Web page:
Labour shortages and hurried trade deals spark fears in Scotland's red meat industry

Labour shortages and the threat to Scotland’s livestock sector presented by hurried free trade agreements - which could mean ‘everything is acceptable, if the price is right’ - rate high on the current concerns of those in Scotland’s red meat industry.

Alan McNaughton, SAMW

Speaking this week the president of Scotland’s meat processor trade body, the Scottish Association of Meat Wholesalers (SAMW), said that some member companies were already suffering a 10-12 per cent shortfall in staffing levels, with considerable difficulties being faced in filling vacancies.

Elected recently to serve a second term at the head of the organisation, Alan McNaughton said these the shortfalls, which were a results of difficulties sourcing workers from abroad following Brexit, were putting processing systems under strain at many plants around the country.

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“Coinciding with a sudden burst of hot weather, which sent the demand for BBQ products ‘through the roof’, labour shortages are adding stress to the industry at a time when we are all seeking to recover from the impact of Covid-19 lockdowns and related regulations,” said McNaughton.

“Our assessment is that current labour issues are linked to the upheaval caused by the changes affecting EU workers since January 1 this year.”

He said it was an area which desperately needed to be sorted by the Home Secretary.

“One member told a recent SAMW executive committee meeting that the labour shortage is now his number one concern, which is quite a statement, given the Covid-19 pressures under which all businesses have been operating since March 2020.”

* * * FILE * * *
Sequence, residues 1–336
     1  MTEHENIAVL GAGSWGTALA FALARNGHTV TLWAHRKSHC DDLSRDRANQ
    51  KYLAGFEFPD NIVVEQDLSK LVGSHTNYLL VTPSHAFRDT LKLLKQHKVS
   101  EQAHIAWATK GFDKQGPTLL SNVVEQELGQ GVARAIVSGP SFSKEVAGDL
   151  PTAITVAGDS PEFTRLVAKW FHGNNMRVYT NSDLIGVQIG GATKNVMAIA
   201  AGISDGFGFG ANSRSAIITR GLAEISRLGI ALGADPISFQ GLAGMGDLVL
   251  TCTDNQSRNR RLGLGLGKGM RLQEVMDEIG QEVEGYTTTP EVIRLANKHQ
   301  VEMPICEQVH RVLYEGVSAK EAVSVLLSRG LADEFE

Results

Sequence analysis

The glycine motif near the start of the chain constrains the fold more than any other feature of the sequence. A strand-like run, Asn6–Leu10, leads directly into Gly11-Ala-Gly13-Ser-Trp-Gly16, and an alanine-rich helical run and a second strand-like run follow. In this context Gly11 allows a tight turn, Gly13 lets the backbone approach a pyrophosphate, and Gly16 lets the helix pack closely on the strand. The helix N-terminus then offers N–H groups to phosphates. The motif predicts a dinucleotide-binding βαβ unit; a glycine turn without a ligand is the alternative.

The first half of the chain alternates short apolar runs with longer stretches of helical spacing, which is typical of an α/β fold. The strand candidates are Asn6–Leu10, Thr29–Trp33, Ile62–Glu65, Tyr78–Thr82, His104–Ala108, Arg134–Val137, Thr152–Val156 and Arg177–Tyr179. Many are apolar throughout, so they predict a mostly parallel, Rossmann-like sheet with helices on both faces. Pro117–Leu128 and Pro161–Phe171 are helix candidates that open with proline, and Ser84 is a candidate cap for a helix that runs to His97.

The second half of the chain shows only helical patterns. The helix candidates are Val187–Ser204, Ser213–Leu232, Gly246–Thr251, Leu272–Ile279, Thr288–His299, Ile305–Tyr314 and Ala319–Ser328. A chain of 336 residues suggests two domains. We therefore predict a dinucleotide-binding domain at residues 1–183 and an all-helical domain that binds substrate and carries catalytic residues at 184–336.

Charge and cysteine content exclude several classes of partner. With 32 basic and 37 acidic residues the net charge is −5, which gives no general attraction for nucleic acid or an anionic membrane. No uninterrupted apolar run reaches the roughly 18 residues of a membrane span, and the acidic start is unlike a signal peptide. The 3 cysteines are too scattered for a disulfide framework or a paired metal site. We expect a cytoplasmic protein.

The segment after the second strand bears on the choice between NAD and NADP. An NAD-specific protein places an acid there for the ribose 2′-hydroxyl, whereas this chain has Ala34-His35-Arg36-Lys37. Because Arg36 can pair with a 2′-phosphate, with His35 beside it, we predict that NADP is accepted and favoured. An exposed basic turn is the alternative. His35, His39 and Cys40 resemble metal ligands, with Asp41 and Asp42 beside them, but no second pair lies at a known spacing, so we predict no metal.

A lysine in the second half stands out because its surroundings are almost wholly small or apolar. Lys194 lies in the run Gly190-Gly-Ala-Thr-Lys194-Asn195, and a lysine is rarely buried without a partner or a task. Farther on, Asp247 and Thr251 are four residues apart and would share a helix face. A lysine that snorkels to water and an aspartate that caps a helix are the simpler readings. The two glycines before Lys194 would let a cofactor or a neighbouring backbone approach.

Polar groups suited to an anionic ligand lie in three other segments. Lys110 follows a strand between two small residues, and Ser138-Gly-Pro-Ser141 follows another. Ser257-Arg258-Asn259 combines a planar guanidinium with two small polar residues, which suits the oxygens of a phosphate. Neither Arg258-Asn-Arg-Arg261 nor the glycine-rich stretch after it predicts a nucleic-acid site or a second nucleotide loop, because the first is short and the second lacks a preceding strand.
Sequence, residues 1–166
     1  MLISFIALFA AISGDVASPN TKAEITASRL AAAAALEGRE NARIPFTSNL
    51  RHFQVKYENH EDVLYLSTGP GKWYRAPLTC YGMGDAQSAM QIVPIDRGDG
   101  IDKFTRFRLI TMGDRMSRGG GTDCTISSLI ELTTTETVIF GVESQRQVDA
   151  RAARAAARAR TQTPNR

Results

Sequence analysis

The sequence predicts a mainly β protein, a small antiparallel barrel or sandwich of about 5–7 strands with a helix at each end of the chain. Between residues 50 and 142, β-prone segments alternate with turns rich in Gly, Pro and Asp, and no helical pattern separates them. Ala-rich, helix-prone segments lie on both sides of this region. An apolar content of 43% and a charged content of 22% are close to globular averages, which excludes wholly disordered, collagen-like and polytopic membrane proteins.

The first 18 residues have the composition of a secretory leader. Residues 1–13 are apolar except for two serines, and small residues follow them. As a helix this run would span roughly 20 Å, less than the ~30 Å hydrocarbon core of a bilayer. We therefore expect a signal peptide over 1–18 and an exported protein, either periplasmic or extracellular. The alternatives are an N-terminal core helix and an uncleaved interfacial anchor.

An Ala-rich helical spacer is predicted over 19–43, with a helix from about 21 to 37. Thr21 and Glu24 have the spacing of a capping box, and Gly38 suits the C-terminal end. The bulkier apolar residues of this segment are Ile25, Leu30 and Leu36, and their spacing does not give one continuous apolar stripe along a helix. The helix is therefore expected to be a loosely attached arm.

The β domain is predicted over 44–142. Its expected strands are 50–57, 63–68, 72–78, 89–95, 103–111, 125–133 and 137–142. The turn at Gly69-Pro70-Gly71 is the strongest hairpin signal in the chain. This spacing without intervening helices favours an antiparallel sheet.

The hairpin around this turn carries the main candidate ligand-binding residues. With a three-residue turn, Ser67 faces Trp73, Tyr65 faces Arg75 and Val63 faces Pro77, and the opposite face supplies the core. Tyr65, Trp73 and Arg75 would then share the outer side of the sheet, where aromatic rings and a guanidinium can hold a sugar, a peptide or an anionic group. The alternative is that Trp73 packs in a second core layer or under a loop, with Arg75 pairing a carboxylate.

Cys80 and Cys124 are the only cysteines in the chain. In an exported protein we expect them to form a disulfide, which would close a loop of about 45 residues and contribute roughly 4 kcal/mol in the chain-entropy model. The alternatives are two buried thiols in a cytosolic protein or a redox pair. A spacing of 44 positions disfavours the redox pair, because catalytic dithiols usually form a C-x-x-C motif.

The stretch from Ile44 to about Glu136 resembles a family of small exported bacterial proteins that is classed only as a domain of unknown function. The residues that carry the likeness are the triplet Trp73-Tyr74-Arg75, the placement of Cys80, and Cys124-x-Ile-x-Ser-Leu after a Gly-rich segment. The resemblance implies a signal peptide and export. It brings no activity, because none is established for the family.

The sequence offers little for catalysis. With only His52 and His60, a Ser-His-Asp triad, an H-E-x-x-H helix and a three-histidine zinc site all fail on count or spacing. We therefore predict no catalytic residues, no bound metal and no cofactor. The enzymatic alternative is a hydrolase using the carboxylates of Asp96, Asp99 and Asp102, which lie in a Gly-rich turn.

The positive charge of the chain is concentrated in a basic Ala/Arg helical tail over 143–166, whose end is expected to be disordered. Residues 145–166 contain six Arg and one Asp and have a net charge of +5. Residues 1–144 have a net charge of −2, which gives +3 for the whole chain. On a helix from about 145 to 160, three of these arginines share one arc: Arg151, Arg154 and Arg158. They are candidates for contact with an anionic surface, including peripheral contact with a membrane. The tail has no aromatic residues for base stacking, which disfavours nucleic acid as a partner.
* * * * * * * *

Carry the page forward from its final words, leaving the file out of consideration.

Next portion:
McNaughton also spelt out his organisation’s fears over the UK government’s approach to the negotiation of free trade agreements (FTAs).

“While we support free trade as an association, believing strongly in Scotland’s export strength and potential, it cannot be free trade at any price.

“In the complete absence of any detail from the UK International Trade Minister, the reports circulating in the media surrounding current FTA talks with Australia have not been comforting for members, not least because so little is known about what is being said behind closed doors.”

But what concerned SAMW members most was what might happen once the Australia deal had been concluded.

“If it is then used as a template to close similar free access deals with the USA, Brazil, and others, the exact terms of this first significant post-Brexit FTA are going to be crucial to our industry’s future.”

McNaughton stressed that it would not be acceptable for products to be imported into the UK which did not abide by the UK’s high standards of health, welfare, and safety.

“A future FTA structure in which everything is welcome if the price is right, will damage our domestic industry beyond repair,” he warned.

He said that SAMW was already working closely with other meat trade and farming bodies on both these issues and would be pursuing them individually and jointly with the Scottish government’s new Cabinet Secretary for Rural Affairs, Mairi Gougeon, and George Eustice, UK Defra Secretary of State.

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